Congratulations on the purchase of your Luxury Tandoor. With proper care and maintenance, you can continue using your clay oven for many years to come. Before you get started we’d like to share some tips on how to properly care for and take full advantage of your new tandoor.
A much more detailed guide is available in PDF format : Download a PDF copy of this user guide
IMPORTANT! PLEASE READ BEFORE USING.
- The first time you use your tandoor, ensure that you gradually increase the temperature to condition the interior of your oven. This step is crucial in ensuring the longevity of your tandoor. This can be done by starting with a very small fire and slowly adding fuel to gradually increase the amount of heat inside the tandoor.
- You may notice some hairline cracks forming in during conditioning but don’t be alarmed, this is normal and will not interfere with the performance of your tandoor oven. When your oven cools off, the hairline cracks will barely be noticeable. They are essential in allowing the clay body of your tandoor breathe. Please see the following link for some more information (thermal expansion and contraction)
- The more slowly you increase the temperature inside the tandoor during your first use, the fewer hairline cracks will develop.
- When the tandoor is hot, avoid spilling water or any other liquids inside.
- In windy conditions the flames coming from your tandoor while it is heating can shoot up several feet above the oven, please use caution.
- When not in use keep your tandoor under a cover (available for purchase in case you do not have one) or in a covered area like a shed, garage, or other enclosure.
- The tandoor body and metal work get EXTREMELY HOT during use which can cause severe burns. Exercise extreme caution and make sure to use heat resistant gloves or oven mitts.
- Never leave children or impaired individuals alone with a hot tandoor as this may lead to injury or severe burns.
- When using your tandoor in extremely cold weather, heat it up gradually by starting a small fire and adding wood a little at a time. If heated too quickly in cold weather, the tandoor can crack.
Cooking with a Tandoor Oven
Tandoor cooks food with the radiant heat of the walls and not the heat from the coals or ambers that are at the bottom. Please read below for details.
1. First take off both lids and rest them on the lid stand or ground. Place the ash grate on the bottom of your tandoor and place a stack of dry hardwood inside on top of the ash grate. You can fill the tandoor ½ (Aladdin, Ataman) to ⅔ full (Ataman, Saka, Khan). You will know exactly how much after a few uses, but this would be a great start. Your tandoor is now set up and ready to light.
2. When you are ready to light your tandoor, remove both lids and place them on the lid stand or ground. Remove the ash pit door and place it on the side. If your tandoor has two doors, the ash pit door is the lower of the two. Light the wood inside your tandoor from the ash pit door opening. A fire starter and/or some kindling can be helpful at this stage. Once the fire has started, you can sit back and enjoy the warmth, or just let the fire take it’s course while you check on it periodically.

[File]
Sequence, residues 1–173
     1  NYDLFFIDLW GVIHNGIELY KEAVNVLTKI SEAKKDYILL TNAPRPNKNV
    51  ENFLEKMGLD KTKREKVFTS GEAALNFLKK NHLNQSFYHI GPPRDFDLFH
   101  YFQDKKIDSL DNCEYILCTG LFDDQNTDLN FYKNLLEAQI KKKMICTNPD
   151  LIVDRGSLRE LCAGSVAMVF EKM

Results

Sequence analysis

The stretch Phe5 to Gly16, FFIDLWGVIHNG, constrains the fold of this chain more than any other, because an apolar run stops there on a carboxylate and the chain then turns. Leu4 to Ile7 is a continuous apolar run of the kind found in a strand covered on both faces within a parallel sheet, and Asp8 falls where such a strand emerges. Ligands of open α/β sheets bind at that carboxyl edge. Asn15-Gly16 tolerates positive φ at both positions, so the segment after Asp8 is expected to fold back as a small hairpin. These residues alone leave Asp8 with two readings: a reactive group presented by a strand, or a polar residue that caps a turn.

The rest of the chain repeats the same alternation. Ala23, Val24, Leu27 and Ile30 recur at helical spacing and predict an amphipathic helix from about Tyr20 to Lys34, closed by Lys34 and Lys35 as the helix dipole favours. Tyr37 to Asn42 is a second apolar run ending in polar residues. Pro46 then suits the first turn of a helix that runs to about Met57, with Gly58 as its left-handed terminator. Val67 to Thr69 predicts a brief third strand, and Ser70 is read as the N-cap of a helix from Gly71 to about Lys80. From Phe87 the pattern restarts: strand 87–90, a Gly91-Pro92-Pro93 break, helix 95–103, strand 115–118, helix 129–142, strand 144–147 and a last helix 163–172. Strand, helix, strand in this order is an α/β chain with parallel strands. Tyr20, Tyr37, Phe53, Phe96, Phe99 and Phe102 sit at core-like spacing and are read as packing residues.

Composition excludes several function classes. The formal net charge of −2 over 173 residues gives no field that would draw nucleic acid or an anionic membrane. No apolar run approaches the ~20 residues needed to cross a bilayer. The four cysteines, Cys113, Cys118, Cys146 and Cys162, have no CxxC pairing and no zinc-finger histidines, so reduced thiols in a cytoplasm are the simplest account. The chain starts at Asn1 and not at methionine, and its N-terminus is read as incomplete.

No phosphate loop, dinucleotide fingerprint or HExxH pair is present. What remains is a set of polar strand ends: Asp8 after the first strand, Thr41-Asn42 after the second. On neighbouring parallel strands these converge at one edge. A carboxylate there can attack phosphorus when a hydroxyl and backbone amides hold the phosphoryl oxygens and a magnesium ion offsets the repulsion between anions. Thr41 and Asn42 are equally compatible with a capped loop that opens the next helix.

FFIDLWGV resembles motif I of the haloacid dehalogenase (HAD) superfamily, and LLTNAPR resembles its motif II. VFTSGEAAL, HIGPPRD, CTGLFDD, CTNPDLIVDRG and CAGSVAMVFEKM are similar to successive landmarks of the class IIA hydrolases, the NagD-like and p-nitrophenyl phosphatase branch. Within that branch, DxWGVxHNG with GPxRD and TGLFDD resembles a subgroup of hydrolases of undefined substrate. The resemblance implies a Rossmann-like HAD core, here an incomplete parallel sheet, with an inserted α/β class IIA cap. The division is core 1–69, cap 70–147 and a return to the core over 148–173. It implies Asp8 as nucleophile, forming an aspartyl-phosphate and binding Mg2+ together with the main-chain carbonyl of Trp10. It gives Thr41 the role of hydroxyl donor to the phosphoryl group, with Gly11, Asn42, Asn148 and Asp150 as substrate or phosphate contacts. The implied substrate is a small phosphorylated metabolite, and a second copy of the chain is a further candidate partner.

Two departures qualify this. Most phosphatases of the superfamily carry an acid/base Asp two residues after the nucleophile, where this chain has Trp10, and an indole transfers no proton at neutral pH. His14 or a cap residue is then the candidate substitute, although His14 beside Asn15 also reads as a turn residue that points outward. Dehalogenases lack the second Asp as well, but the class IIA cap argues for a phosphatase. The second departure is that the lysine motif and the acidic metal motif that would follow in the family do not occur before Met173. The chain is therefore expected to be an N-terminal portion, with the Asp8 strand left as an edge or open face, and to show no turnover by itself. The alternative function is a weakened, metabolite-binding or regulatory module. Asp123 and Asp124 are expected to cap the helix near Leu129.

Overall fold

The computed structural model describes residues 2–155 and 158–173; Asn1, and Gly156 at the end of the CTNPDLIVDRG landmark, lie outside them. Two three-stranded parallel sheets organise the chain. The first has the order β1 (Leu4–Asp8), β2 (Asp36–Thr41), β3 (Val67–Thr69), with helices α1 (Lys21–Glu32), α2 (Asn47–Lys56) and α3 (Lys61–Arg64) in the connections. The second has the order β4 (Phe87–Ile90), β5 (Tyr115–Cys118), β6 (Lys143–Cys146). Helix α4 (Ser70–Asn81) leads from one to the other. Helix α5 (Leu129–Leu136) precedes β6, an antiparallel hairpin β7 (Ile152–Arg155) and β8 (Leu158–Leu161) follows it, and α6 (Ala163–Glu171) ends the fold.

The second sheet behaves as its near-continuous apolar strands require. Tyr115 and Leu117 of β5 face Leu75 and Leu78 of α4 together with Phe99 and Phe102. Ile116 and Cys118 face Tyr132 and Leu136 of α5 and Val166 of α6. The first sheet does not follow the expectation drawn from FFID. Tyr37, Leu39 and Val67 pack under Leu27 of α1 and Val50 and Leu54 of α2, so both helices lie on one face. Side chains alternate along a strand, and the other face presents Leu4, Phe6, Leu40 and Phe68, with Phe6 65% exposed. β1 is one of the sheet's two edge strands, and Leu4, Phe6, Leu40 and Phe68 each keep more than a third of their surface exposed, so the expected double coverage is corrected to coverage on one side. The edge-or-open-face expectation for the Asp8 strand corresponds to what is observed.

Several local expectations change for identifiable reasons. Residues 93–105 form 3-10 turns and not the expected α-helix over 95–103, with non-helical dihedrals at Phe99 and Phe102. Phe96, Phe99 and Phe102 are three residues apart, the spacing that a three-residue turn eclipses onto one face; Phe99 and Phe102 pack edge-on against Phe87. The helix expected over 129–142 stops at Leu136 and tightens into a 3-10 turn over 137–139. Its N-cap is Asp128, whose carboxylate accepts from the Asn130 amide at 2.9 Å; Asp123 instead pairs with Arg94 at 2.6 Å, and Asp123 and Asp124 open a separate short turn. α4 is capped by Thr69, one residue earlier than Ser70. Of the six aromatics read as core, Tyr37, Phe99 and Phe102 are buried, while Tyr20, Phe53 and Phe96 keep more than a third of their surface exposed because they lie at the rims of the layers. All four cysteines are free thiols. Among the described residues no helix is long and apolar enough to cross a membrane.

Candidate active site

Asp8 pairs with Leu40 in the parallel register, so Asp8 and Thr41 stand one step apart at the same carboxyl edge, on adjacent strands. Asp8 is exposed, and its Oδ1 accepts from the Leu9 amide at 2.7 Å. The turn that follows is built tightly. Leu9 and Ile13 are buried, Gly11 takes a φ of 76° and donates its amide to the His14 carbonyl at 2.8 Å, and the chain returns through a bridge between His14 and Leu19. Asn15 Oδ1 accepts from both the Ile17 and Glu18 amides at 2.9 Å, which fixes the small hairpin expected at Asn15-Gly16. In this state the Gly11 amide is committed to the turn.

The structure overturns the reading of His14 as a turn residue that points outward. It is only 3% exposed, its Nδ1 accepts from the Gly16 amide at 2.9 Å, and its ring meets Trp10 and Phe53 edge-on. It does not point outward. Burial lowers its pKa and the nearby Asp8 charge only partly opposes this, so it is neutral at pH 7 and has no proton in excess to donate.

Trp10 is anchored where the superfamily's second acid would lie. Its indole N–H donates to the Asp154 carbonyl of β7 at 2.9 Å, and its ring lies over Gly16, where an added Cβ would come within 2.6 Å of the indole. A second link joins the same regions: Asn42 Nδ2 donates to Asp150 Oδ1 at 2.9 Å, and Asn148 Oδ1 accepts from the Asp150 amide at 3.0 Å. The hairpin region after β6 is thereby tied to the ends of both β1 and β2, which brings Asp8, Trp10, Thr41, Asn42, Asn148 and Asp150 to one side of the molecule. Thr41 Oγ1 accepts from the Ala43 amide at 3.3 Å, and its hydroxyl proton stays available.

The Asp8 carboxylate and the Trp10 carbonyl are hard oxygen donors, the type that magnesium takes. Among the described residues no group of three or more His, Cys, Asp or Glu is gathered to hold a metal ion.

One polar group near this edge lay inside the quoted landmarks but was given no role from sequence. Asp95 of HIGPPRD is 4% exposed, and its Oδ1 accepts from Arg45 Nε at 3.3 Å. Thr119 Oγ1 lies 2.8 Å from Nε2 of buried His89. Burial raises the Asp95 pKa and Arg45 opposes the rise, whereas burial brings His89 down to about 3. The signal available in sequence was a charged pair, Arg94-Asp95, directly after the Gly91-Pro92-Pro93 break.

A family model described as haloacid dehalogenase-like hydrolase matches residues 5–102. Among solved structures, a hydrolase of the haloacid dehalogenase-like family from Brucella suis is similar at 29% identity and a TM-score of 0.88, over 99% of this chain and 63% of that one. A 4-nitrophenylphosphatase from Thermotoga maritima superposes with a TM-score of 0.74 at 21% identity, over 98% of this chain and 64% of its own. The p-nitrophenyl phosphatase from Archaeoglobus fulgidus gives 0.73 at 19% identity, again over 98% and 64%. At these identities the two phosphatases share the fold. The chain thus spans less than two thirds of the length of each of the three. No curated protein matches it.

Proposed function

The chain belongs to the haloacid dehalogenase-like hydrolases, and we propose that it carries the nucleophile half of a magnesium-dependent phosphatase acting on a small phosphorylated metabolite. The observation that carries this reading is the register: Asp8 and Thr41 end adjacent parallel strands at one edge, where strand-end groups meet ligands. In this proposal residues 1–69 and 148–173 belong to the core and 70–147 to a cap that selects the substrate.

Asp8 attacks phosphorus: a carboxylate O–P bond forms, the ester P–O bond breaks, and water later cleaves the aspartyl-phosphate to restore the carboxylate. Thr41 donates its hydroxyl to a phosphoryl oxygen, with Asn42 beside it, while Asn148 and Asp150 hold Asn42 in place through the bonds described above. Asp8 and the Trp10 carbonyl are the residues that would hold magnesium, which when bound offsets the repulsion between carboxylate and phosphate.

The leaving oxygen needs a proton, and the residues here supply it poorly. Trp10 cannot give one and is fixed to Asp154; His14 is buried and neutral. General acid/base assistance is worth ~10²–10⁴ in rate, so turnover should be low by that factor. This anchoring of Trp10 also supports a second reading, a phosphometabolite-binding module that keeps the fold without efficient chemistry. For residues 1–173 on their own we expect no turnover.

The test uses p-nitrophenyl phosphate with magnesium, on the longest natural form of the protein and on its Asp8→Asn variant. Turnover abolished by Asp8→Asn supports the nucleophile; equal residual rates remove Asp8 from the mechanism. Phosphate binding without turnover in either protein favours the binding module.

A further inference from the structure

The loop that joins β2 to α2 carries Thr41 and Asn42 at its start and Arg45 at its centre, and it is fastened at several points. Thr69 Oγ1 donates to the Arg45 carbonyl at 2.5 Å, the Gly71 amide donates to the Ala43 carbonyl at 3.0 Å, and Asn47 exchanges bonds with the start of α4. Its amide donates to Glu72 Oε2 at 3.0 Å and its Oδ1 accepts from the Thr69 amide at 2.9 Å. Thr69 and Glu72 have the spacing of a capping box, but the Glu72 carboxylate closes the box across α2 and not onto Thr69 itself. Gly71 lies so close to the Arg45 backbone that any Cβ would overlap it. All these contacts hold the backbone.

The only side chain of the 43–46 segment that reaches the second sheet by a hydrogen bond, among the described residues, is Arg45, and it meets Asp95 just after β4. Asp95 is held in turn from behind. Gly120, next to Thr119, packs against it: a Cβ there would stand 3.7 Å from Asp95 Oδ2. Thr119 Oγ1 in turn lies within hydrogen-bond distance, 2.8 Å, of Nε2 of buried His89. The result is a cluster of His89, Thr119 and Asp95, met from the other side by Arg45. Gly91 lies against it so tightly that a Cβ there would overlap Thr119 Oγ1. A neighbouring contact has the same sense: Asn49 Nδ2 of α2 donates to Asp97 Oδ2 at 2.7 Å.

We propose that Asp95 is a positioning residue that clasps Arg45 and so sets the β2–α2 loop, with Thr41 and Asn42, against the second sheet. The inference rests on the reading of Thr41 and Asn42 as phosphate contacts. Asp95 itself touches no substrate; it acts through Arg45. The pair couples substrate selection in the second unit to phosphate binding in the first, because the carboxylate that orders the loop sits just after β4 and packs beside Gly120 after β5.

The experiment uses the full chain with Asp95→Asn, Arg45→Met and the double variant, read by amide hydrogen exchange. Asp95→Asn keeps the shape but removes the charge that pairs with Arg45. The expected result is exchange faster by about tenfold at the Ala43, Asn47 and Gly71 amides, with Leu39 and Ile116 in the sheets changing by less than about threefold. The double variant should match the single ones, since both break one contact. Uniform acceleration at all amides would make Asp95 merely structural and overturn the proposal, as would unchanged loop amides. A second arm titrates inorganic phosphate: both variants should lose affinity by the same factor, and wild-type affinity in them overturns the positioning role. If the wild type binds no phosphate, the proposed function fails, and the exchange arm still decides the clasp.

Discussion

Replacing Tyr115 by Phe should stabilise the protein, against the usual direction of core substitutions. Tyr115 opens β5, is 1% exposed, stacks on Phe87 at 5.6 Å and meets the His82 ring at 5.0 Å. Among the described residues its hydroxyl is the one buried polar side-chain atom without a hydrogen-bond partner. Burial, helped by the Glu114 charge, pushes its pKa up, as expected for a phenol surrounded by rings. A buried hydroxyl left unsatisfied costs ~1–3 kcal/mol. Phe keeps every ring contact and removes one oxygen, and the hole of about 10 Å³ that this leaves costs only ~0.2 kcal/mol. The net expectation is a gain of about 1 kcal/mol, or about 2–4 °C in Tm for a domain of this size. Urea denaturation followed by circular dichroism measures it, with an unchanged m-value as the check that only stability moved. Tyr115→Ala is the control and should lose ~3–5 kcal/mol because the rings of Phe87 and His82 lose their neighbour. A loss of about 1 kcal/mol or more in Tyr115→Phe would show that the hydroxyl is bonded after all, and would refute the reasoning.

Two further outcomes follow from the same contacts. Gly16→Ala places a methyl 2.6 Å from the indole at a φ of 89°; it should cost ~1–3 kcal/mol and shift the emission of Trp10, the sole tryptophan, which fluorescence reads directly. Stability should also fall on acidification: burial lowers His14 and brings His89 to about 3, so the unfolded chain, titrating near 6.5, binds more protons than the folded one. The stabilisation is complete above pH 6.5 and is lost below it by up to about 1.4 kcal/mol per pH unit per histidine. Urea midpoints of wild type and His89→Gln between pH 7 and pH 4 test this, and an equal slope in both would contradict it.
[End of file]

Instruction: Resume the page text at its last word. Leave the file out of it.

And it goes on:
3. You will know your tandoor is ready to use when the wood has burned down and there is no soot on the walls of the oven. The walls of your tandoor will look white at this point.
Rake or shovel the coals to evenly distribute them and try to smother and remaining flames. Some people get rid of the coals or ambers completely. Tandoor cooks food with the radiant heat of the walls and not the heat from the coals or ambers. Most of the ambers will die off as soon as you close all of the openings and lids
Your tandoor is now ready to use. Slap some naan’s on the inner clay walls or hang skewers with your favorite marinated meat and vegetables inside.
4. Once your tandoor is loaded, close the ash pit door and place the lids back on top of the tandoor. Now you can relax and enjoy the aromas that will be filling your backyard.
For longer cooking sessions (like cooking a lamb leg, roast or whole chicken) you may need to either re-heat the tandoor with firewood again or add some lump charcoals around the bottom right after the fire is out (so that they can catch on). Food will drip juices to the bottom, so spreading the ambers or charcoals around would be a good idea. In this case, make sure there is a least some airflow. Otherwise, the charcoals might not have enough oxygen to burn.
Cooking on a tandoor is simple, but does require some practice. Do not be discouraged if you burn your whole chicken the first time – we all did that 🙂
Cooking Times Guide
Use the chart below as a timing guide for the most common items cooked in a tandoor.
|Naan or Roti
|3 to 5 minutes
|Soft or thinly sliced vegetables including mushrooms, onions, bell peppers, and tomatoes.
|3 to 5 minutes
|Hard or thick cut vegetables including including squash, parsnips, carrots, and potatoes
|8 to 10 minutes
|Fish or Steaks*
|10 to 12 minutes
|12 to 15 minutes
|20 to 25 minutes
|Roast beef or lamb leg
|40 to 50 minutes
* Times given are for the FIRST load. For subsequent loads, please double the times listed.
The small lid and ash door can be used to control airflow inside your tandoor in case you have live coals on the bottom that you would like to generate heat from. You can open the ash pit door and remove the small lid for the last couple of minutes of cooking to increase the temperature of the direct flame and caramelize the food you are cooking.